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Saturday, December 15, 2007

New Zealand taser trial cops broke rules 40% of time

December 15, 2007
MARTIN KAY - The Dominion Post

Police breached procedures for Tasers on 40 per cent of occasions when they were used in the first six months of their trial, a group opposed to use of the stun-guns claims.

Campaign Against the Taser, headed by prominent Auckland barrister Marie Dyhrberg, said police regularly presented or fired the weapons at people below the authorised threat threshold.

A study of police statistics shows 27 of the 69 people were not assaultive, the lowest category allowed. Eleven were classed as compliant, 11 passive-resistant (not obeying instructions) and five active resistant (pushing officers away or running off). Two were not classified. In three of the 27 cases Tasers were fired.

Police say Tasers, which deliver a 50,000-volt shock that briefly paralyses the target, are a vital alternative to deadly force.

But opponents say they can kill - and could be used when a non-violent method was appropriate. Last month a United Nations committee said they were a form of torture.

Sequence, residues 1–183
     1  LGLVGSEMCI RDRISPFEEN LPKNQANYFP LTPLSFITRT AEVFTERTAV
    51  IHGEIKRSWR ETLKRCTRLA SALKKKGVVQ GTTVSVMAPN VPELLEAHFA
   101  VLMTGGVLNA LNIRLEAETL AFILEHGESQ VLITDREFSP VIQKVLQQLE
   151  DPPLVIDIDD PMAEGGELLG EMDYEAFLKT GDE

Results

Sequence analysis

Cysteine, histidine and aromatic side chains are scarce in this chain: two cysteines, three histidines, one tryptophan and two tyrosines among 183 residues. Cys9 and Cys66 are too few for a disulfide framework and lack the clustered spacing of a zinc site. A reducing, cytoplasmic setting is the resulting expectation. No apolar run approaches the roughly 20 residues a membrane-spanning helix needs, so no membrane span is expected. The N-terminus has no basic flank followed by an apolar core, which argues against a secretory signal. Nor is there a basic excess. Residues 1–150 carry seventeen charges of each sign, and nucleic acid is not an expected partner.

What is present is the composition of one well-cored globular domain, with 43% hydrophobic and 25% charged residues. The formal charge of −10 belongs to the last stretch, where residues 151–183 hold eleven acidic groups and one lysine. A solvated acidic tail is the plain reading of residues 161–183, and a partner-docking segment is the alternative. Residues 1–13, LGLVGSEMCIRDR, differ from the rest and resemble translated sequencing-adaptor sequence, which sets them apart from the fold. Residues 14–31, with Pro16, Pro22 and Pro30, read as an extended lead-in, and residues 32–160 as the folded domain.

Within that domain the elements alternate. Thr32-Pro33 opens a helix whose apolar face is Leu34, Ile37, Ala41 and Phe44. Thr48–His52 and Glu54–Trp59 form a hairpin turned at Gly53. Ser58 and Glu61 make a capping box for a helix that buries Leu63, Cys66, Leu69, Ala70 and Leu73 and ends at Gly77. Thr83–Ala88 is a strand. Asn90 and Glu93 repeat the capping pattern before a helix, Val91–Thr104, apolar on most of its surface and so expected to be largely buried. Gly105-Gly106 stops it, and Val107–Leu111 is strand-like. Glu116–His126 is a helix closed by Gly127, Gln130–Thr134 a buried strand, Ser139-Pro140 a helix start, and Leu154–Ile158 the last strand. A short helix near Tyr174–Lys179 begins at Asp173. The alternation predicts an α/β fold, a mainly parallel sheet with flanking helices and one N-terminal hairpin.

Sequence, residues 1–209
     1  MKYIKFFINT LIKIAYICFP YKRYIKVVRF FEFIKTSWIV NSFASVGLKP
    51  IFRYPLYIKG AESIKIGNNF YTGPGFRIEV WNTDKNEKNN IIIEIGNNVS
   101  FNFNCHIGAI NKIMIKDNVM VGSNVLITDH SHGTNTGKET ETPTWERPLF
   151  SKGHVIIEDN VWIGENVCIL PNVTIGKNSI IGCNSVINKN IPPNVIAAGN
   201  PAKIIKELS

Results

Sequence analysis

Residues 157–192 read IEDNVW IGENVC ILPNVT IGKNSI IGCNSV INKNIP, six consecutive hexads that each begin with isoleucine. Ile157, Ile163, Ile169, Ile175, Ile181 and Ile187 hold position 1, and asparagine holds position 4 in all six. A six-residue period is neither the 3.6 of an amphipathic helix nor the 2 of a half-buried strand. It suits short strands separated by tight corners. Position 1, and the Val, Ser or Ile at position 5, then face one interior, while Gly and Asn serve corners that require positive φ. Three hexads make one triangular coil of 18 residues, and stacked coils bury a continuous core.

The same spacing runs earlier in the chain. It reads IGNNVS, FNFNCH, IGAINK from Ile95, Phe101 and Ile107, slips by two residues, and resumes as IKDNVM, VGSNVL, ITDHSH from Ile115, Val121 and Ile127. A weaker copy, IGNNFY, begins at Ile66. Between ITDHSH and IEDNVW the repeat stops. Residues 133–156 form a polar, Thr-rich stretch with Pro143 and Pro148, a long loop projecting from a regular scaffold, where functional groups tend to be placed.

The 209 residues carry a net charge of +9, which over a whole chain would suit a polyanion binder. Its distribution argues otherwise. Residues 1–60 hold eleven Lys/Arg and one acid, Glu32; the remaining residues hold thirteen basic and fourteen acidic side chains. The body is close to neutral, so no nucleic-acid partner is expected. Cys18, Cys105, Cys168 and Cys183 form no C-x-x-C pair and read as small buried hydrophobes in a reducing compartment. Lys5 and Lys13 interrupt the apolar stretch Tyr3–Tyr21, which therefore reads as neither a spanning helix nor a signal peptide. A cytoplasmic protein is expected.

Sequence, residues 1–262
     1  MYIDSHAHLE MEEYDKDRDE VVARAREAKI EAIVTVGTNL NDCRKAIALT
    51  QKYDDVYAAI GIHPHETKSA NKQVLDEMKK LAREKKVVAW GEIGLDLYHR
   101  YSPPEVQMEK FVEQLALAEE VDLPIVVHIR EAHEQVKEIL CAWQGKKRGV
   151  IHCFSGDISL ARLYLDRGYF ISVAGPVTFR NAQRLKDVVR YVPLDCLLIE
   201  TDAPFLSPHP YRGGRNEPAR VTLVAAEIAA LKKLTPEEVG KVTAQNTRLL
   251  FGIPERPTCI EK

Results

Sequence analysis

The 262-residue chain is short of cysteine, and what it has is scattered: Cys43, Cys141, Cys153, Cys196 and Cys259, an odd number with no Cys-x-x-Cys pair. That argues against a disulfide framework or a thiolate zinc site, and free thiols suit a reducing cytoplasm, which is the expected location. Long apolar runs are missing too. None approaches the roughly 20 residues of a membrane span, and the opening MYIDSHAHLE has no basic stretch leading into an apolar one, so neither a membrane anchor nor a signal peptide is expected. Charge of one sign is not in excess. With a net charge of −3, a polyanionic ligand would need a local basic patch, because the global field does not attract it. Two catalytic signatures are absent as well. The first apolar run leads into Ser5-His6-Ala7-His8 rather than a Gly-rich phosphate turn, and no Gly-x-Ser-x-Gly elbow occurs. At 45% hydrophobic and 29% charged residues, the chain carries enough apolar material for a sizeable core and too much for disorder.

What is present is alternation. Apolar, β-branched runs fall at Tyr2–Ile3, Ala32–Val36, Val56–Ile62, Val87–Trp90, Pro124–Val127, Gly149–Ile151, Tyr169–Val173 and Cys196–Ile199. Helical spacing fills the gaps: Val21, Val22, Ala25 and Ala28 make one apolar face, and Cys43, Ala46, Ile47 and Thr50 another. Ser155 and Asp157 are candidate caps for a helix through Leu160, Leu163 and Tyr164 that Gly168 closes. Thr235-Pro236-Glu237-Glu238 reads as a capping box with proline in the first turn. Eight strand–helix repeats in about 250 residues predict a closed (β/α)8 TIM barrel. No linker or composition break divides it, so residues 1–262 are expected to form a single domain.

Ms Dyhrberg said the fact that only three of the 27 people were shot did not mean the other cases were not misused. "It's an abuse of force even for the police to threaten somebody when they do not have the power to do so. It's a very short step then to an unlawful situation becoming accepted routine."

The Catt study also claims police twice presented Tasers at petrol stations - against procedures because of the potential to spark an explosion. In another case, an officer accidentally fired a Taser into the floor while using its laser sight as a torch during a warehouse search. Another report from the New Zealand College of Mental Health Nurses said Tasers were used disproportionately on the mentally ill. Half those with a mental illness presented with a Taser were shot. The reports are designed to pressure Police Commissioner Howard Broad as he considers a report on the Taser trial, held in Auckland and Wellington for a year from September 2006. He will decide whether to introduce them next month.

A spokeswoman said police did not accept Tasers were misused 40 per cent of the time. Police had consulted the mental health sector, and its views would be considered. The Catt report also highlights publicised cases of accidents, including one in which a 16-year-old boy was hit as his father was fired at. Catt wants the trial independently reviewed and any decision on introduction made by the Government. Police Minister Annette King has said it is an operational decision for police.

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